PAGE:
Dear parents, grandparents, guardians and education activists,
The past two months have been full of UFT parent events! We held our 10th annual Manhattan parent conference on Oct. 26 and it was a resounding success. More than 300 parents were in attendance for the conference and our first-ever STEM/STEAM fair. See the photo gallery on the UFT website »
Two weeks later, on Nov. 7, more than100 Manhattan parents attended a UFT screening of the documentary "Backpack Full of Cash," followed by a lively discussion about school privatization. The next week, many of you joined me at the UFT Asian-American Heritage Committee's origami workshop. It was loads of fun!
Finally, two weeks after that, close to 200 of you came to our third annual community-based organizations breakfast, which connected parent leaders from across the city with UFT representatives and leaders of community-based organizations that partner with the UFT. The presentations, resources and networking were all phenomenal on this very successful day.
If you joined us for any of our UFT parent events this semester, thank you!
As for what's coming up in the future, I'm excited to get planning underway for our second annual special education advocacy conference. I'll be in touch with registration information and further details after the winter break. We've also scheduled our fifth annual Men in Education Symposium for Saturday, April 4, from 9 a.m. to 3 p.m., at UFT headquarters, 52 Broadway in Manhattan. There will be workshops about mentoring, fatherhood and empowerment. For a flier and to register, see the event listing »
I've been leading training sessions for parent-led organizations such as the PTA, school leadership teams, district leadership teams and various committees on topics such as parliamentary procedure and meeting governance. So far, we've had these trainings in District 1 and 3, but I'd love to come to every Manhattan school district this school year. If you'd like me to present a training for your group, please reply to this email and let me know.
When parents are empowered with leaderships skills, our children win! I look forward to doing more of this hands-on, grassroots work with you in the coming months.
Check out more opportunities and news below.
UFT Parent-Community Liaison
News you can use
- Tell the DOE not to share your contact information: The UFT worked with parent activists to win parents the right to protect their children's privacy. Now, if you don't want charter schools to have your mailing address, name, child's name and child's grade level, you can withhold this information. In December, schools will send home a paper opt-out form that you can fill out and return to your child's school. You also can opt out by completing an online form. You'll need your child's student ID number. If you don't have your child's student ID number, you can call your child's school to get it. Fill out the online opt-out form »
- Help the effort to have a full-time counselor in every elementary school: Most public elementary schools in the city have a school counselor only part time or don't have a counselor at all. If you want to be part of a UFT campaign to get a full-time school counselor in every elementary school to assist with bullying, anxiety, concerns about school work or other issues, please fill out the UFT’s short survey and sign up for the campaign. Take the survey »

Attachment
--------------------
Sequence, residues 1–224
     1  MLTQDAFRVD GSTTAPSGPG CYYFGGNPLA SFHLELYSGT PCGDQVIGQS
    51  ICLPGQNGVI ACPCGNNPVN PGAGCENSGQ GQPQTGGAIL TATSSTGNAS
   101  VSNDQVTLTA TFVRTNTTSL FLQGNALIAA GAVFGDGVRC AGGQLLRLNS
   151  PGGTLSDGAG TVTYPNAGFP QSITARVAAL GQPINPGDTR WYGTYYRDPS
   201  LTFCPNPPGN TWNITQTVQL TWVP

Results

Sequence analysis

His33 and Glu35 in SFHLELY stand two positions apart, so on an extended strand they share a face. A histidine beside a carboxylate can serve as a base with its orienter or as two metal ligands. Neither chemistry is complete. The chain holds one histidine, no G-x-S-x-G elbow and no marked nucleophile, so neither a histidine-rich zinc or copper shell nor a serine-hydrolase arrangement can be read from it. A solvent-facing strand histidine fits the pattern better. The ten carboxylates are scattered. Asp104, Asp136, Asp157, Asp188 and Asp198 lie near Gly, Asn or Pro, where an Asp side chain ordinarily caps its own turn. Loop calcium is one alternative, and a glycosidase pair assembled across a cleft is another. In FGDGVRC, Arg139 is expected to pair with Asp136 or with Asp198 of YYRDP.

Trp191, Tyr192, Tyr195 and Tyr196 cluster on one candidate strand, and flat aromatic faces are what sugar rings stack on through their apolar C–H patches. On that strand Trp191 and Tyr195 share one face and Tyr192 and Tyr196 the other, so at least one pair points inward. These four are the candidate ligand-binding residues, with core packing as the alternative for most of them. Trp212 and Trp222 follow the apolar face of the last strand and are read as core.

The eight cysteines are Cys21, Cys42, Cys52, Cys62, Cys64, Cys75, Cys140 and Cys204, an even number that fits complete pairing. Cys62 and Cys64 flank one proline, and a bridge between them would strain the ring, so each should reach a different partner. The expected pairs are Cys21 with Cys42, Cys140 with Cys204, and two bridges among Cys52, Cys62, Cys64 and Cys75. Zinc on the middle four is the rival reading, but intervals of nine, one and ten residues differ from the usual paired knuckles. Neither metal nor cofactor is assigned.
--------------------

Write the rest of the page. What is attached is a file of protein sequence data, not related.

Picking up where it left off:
- Get a free anti-bullying workshop from the UFT: The UFT BRAVE Campaign offers a wealth of anti-bullying resources to parents, students and educators. Those resources include free anti-bullying workshops for PTAs, students or staff. Request a BRAVE workshop now »
- College help for undocumented students: The New York State Dream Act allows undocumented and immigrant students to apply for state-funded financial aid and in-state tuition at SUNY and CUNY schools. To learn about eligibility and how to apply, see the flier in English and Spanish »
- Apply for scholarship money from the UFT: The UFT invites students to apply for the Armando Blasse Scholarship, spearheaded by the UFT African Heritage Committee. High school students are eligible to earn a $1,000 college scholarship. Elementary and middle school students can win funding for their schools. Applications must include a letter of recommendation, an essay and, for high school students, a report card. The deadline is Friday, Jan. 10. Download the application »
- Summer law internship for high school students: The Thurgood Marshall Summer Law Internship Program is accepting applications from public high school students until Friday, Jan. 3, for its paid summer law internships. Learn more and apply »
The national 2020 Census starts in March, and there's a lot at stake for New Yorkers. Using data derived from the Census, the federal government distributes billions of dollars in education and school food programs. What's more, if New York doesn't get better at getting its residents counted, we could lose as many as two seats in Congress, giving other states a stronger say in national policy and a stronger voice in the dispersal of federal funds. To learn more about why the Census matters, read and share a UFT Census fact sheet »
Here are more ways you can get involved in the fight to make New York count!
- Volunteer to get the word out: Help get out the word about the 2020 Census by volunteering as a Census ambassador in your neighborhood. Find out more »
- Apply for a job: The U.S. Census Bureau is looking for employees to assist with the 2020 Census count, including Census takers making $25 per hour. These are temporary jobs with flexible hours. Learn more and apply »